white perch.psd

White Perch

White Perch were accidentally introduced into Kansas, and have moved downstream into Kaw, Keystone and Sooner reservoirs. Anglers must be careful not to transplant these fish, because they can appear similar to native species such as white bass or shad.


Zebra Mussels

Zebra mussels are the most widespread ANS in Oklahoma. Quagga mussels are another species of invasive mussels that cause great harm to aquatic ecosystems. They are a close relative of the zebra mussel and are similar in appearance. Even though these mussels have not been found in our state, they have infested neighboring states to our west.



Hydrilla plants are present in Arbuckle Lake, Lake Murray, and Sooner Lake. Hydrilla is possibly the most damaging aquatic plant in the United States. Even a fragment of the plant can start a widespread infestation.



Didymo is an invasive algae that attaches to plants and rocks in stream beds. It is in the Lower Mountain Fork River. Didymo, also known as rock snot, can foul streams and rivers, so anglers are encouraged to take precautions after fishing.

Distinguishing between White Perch and White Bass

DIST-White Bass.psdWhite bass

  • Has 6 to 10 horizontal, black lines on its back and side.
  • The deepest part of the body is from the back of the spiny dorsal fin to the belly.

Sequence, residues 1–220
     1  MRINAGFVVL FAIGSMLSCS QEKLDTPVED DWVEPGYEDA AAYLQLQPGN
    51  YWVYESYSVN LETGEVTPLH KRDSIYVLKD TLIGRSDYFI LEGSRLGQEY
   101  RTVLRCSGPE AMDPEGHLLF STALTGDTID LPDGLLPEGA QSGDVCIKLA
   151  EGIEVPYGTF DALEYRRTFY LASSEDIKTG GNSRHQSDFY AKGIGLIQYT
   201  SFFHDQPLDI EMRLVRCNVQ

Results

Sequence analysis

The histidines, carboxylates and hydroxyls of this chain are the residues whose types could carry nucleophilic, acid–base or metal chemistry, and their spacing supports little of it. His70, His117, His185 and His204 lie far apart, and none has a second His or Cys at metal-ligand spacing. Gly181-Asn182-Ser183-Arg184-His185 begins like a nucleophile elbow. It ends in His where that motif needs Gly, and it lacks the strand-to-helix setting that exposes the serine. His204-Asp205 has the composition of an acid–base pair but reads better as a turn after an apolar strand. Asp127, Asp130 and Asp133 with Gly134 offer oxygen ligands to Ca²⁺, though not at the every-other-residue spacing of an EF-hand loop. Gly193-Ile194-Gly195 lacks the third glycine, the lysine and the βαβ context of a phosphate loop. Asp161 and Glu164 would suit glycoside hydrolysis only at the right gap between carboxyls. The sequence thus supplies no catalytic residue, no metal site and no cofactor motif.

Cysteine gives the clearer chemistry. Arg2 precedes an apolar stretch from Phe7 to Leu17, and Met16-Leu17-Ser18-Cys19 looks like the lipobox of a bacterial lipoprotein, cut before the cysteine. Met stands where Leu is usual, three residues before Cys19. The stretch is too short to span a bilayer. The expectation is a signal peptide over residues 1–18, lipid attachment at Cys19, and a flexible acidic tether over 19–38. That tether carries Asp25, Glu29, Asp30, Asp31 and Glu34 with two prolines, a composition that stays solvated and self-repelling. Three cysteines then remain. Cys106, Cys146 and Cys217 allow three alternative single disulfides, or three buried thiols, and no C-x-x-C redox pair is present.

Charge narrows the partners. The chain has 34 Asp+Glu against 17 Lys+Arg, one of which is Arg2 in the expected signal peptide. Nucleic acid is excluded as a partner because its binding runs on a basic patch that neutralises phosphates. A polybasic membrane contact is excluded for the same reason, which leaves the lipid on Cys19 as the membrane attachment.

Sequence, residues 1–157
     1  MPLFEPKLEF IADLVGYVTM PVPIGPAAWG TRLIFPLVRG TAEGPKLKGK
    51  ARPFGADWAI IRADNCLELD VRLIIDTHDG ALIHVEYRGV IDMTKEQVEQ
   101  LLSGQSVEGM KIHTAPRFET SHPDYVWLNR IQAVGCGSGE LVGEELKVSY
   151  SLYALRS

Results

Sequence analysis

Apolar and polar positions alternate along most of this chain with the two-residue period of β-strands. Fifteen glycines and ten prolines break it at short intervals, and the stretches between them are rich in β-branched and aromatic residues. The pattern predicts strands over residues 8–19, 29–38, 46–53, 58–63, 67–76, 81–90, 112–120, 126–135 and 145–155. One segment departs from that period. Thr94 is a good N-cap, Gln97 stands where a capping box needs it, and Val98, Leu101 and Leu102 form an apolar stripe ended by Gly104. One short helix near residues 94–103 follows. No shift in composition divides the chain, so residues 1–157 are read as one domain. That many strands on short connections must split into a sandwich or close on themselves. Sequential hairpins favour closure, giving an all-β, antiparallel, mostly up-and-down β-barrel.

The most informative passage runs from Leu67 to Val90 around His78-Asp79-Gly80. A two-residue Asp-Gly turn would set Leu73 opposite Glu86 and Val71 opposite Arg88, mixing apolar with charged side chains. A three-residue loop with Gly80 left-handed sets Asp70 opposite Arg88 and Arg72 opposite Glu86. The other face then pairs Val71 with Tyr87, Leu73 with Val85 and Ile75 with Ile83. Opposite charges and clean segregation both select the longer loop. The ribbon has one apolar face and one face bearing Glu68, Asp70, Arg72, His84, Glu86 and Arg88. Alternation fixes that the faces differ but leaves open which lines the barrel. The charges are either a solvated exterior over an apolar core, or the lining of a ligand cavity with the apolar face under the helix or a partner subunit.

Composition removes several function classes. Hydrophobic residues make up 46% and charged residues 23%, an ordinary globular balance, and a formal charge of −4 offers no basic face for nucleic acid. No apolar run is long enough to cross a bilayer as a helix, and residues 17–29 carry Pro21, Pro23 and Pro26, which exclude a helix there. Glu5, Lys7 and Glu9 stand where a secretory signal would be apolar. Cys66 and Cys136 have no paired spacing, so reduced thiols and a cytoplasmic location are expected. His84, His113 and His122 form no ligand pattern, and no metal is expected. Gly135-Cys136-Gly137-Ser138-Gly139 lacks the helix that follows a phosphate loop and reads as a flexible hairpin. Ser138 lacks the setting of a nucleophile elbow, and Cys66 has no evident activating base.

• When the spiny dorsal fin is pulled upright (erect), the soft dorsal fin behind it does not become erect.
  • The anal fin has three short spiny rays, with the second spine distinctly shorter than the third spine. Behind the spiny rays are 11 to 12 soft rays.

DIST-White Perch.psdWhite perch

  • Has no horizontal, black lines along back or side.
  • The deepest part of the body is from the front of the spiny dorsal fin to the belly.
  • When the spiny dorsal fin is pulled upright (erect), the soft dorsal fin behind it also becomes erect.
  • The anal fin has three short spiny rays, with the second and third spines equal in length and much longer than the first spine. Behind the spiny rays are eight to ten soft rays.

Zebra Mussels Invade Oklahoma

Zebra mussels are a serious threat to Oklahoma sport fish populations. Zebra mussels accumulate on the shells of native mussels and crayfish, smothering their hosts.